You’re next, Mr Paradiso!
Today I took another glass jar to town with me, it fit just snugly in my bag. I put in the glass container on my way to work. Â When I came home from work, I took the spent fluorescent tubes to the supermarket. Â (Yesterday it was the fluorescent bulbs, known here as saving bulbs since they use much less energy and last longer. Â Well, supposedly they last longer. I don’t see much difference myself – I have changed most of them during these three years I’ve lived here, which is perhaps twice the life of ordinary incandescent bulbs.)
My point today – as if I had not made it before – is that I try to do this each workday. Â Perhaps not both of them, but at least get something out of the house every day (not counting the ordinary trash). Â Hopefully it will become second nature eventually. Â My first nature is to drag things to the cave. Â Thinking back to the home where I grew up, there is no doubt that I am descended from packrats. Â Actually, now that I live in a house that is vaguely similar to the type of house I grew up in (albeit newer), the similarity is striking. Â A living room that is halfway presentable, and several other rooms absolutely stacked with all kinds of objects, but mostly those related to learning somehow. Â Yes, I have grown up to become my parents, only fewer in number.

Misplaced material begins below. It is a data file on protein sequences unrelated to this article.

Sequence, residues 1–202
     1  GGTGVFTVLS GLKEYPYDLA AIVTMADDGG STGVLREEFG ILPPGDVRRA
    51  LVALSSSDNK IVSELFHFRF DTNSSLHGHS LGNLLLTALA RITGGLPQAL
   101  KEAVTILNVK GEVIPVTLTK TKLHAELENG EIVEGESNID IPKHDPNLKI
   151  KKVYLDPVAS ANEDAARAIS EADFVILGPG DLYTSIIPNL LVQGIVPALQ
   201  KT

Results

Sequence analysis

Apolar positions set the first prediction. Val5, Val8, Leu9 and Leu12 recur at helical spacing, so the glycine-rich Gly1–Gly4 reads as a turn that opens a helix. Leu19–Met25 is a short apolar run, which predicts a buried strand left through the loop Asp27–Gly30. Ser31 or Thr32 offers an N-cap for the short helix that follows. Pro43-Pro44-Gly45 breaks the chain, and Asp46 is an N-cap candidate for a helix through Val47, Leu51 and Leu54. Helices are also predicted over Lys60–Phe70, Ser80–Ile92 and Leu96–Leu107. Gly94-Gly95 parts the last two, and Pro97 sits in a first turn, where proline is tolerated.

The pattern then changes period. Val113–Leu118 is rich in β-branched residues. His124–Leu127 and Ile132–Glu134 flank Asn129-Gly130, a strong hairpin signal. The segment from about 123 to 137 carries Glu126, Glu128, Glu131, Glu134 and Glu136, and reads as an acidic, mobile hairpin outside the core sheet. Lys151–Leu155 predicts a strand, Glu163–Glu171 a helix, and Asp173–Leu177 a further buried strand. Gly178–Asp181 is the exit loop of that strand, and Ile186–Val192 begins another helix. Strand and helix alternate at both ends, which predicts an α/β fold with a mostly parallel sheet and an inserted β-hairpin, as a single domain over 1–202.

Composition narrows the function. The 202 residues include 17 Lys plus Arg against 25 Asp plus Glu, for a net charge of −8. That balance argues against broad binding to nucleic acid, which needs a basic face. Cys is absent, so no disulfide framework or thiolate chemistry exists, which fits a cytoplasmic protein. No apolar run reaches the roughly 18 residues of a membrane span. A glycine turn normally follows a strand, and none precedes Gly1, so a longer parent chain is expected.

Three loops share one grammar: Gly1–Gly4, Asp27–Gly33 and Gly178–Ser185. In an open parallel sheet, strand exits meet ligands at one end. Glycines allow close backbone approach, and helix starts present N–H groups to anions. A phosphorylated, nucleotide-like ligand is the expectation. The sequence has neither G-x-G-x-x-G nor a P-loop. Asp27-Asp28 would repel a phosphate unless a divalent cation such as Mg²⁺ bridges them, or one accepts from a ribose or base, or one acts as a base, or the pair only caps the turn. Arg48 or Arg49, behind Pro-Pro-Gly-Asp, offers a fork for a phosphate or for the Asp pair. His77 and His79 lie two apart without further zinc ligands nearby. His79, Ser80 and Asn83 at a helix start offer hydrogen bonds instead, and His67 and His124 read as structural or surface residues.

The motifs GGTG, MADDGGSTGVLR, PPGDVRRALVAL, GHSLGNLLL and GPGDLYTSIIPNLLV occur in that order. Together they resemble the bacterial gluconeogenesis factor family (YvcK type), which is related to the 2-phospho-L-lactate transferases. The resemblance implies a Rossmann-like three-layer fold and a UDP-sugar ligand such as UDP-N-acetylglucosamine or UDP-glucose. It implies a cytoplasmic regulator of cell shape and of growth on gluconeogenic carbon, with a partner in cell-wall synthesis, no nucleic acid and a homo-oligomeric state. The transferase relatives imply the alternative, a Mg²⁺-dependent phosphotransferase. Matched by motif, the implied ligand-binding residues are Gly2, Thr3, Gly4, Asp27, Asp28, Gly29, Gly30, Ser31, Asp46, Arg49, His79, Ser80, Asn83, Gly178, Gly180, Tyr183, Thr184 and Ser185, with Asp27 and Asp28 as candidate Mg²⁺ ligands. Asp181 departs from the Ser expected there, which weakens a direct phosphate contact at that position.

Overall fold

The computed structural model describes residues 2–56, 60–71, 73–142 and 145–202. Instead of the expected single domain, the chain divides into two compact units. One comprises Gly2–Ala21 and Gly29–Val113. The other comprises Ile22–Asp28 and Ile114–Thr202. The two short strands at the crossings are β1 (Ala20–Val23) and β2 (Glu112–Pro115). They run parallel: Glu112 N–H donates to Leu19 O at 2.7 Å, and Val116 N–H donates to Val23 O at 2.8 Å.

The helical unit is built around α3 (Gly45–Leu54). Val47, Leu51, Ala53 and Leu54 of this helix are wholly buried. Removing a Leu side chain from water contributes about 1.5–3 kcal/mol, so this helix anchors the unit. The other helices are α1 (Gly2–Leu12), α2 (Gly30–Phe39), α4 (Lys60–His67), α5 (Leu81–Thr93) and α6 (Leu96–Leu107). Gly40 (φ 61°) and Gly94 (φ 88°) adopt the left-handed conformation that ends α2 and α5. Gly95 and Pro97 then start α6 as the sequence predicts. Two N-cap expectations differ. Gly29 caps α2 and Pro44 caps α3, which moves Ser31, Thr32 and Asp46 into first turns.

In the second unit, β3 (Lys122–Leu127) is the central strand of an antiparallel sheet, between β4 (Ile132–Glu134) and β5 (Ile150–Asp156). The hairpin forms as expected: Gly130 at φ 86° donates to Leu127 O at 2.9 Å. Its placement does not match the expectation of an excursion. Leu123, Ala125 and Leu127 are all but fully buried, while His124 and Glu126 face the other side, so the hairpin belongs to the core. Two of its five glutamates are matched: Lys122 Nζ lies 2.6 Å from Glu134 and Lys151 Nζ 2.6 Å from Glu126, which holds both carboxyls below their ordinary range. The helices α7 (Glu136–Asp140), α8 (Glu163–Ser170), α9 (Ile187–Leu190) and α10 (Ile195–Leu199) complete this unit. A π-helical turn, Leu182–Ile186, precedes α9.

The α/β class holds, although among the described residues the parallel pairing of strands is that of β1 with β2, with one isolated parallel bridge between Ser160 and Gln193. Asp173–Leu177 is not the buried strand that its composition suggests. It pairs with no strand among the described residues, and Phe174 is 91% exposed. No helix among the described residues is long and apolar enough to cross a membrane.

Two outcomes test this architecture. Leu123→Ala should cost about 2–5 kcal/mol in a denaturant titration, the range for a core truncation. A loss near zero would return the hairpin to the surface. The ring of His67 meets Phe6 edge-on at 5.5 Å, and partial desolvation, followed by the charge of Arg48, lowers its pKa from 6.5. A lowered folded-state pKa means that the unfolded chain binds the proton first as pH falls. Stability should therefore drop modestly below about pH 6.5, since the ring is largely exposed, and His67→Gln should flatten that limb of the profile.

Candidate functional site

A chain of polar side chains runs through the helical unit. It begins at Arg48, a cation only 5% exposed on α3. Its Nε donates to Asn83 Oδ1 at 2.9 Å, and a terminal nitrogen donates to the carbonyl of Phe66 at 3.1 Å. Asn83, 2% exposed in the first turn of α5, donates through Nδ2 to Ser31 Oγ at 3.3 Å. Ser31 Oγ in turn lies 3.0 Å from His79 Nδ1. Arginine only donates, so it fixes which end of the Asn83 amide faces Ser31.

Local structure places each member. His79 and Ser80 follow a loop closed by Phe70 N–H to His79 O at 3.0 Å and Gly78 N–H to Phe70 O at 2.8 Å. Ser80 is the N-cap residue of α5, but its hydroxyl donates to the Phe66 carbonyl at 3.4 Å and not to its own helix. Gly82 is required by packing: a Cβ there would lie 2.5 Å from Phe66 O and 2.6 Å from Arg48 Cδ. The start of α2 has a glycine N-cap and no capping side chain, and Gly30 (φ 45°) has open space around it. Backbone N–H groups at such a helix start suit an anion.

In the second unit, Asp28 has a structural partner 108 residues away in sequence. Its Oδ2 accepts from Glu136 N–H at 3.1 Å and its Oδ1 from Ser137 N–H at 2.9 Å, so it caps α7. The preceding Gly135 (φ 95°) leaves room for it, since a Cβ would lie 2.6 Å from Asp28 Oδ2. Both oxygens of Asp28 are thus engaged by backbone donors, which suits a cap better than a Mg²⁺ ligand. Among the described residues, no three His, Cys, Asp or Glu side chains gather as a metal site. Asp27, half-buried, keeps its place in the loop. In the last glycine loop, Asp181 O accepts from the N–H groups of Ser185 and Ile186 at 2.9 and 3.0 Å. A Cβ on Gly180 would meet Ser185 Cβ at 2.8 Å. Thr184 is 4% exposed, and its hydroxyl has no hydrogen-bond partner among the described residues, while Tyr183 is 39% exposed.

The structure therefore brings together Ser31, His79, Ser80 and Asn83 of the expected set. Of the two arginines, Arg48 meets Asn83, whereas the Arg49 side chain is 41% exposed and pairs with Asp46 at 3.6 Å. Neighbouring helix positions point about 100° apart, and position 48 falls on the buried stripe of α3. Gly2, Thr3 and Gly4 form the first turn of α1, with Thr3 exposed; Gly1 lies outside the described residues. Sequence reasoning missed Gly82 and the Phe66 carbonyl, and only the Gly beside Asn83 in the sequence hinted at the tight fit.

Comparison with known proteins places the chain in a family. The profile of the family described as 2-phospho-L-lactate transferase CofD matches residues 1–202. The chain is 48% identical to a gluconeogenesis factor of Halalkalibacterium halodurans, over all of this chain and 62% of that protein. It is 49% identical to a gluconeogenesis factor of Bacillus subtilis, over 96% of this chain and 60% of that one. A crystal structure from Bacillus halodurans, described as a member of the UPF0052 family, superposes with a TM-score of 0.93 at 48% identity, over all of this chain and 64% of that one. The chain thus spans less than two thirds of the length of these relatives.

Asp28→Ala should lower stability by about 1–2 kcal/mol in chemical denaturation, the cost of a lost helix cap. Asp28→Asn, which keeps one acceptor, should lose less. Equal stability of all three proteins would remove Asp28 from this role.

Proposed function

More immediately, however, the inspiration for the (work-)daily activity probably comes from the book Integral Life Practice. Â It is quite insistent that one practice each of the four core modules every day – even if only for one minute! It actually has various 5-minute and 1-minute exercises scattered throughout. Â If you are busy – or, more likely, if you make yourself busy because you really don’t like one of the modules (such as body, in my case) – you can still not with any shred of dignity or integrity claim that you don’t have 1 minute free over the course of 24 hours.
Michael Mackenzie at Project Meditation says much the same thing. Â If you can’t meditate more than 5 minutes, then meditate 5 minutes. Â It is far better to do so every day than to start skipping days. Â And Bill Harris at Centerpointe Research Institute compares using their product (Holosync) to brushing one’s teeth. Â (Although I certainly would not brush my teeth continually for half an hour, much less the whole hour recommended for Holosync. Â I can see what he means though.)
So that is what I do now to deal with something that is contrary to my nature. Â One jar at a time, or a few light bulbs, or an old CD. Â It may be only five minutes, pitiful or ridiculous depending on your view. Â But if I don’t forget it and don’t fall out of the practice, Â sooner or later I should become a changed person. Â And even if not, there will be hundreds fewer objects in the house than it would otherwise have been, if I live here another year.